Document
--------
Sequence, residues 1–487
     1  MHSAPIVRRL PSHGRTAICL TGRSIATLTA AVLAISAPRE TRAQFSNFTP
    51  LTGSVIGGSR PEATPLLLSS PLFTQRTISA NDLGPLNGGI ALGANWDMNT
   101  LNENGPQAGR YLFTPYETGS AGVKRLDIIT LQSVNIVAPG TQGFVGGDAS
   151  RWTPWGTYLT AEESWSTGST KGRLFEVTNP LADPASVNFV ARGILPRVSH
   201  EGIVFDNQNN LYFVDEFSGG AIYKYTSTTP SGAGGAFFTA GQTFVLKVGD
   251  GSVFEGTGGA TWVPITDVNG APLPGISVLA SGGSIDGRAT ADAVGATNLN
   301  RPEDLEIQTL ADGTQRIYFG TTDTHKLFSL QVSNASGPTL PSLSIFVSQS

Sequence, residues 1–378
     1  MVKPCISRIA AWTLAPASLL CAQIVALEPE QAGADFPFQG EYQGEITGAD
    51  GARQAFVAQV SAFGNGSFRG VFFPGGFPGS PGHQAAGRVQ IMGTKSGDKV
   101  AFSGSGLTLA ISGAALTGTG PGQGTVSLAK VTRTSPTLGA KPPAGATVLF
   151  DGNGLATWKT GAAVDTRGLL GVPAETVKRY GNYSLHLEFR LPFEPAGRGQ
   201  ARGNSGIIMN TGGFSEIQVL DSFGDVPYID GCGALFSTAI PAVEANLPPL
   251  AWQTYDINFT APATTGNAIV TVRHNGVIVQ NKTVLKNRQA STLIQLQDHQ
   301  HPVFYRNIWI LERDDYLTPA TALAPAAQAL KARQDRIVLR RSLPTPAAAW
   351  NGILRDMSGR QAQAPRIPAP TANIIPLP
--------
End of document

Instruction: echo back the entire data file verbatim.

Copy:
Sequence, residues 1–487
     1  MHSAPIVRRL PSHGRTAICL TGRSIATLTA AVLAISAPRE TRAQFSNFTP
    51  LTGSVIGGSR PEATPLLLSS PLFTQRTISA NDLGPLNGGI ALGANWDMNT
   101  LNENGPQAGR YLFTPYETGS AGVKRLDIIT LQSVNIVAPG TQGFVGGDAS
   151  RWTPWGTYLT AEESWSTGST KGRLFEVTNP LADPASVNFV ARGILPRVSH
   201  EGIVFDNQNN LYFVDEFSGG AIYKYTSTTP SGAGGAFFTA GQTFVLKVGD
   251  GSVFEGTGGA TWVPITDVNG APLPGISVLA SGGSIDGRAT ADAVGATNLN
   301  RPEDLEIQTL ADGTQRIYFG TTDTHKLFSL QVSNASGPTL PSLSIFVSQS

Sequence, residues 1–378
     1  MVKPCISRIA AWTLAPASLL CAQIVALEPE QAGADFPFQG EYQGEITGAD
    51  GARQAFVAQV SAFGNGSFRG VFFPGGFPGS PGHQAAGRVQ IMGTKSGDKV
   101  AFSGSGLTLA ISGAALTGTG PGQGTVSLAK VTRTSPTLGA KPPAGATVLF
   151  DGNGLATWKT GAAVDTRGLL GVPAETVKRY GNYSLHLEFR LPFEPAGRGQ
   201  ARGNSGIIMN TGGFSEIQVL DSFGDVPYID GCGALFSTAI PAVEANLPPL
   251  AWQTYDINFT APATTGNAIV TVRHNGVIVQ NKTVLKNRQA STLIQLQDHQ
   301  HPVFYRNIWI LERDDYLTPA TALAPAAQAL KARQDRIVLR RSLPTPAAAW
   351  NGILRDMSGR QAQAPRIPAP TANIIPLP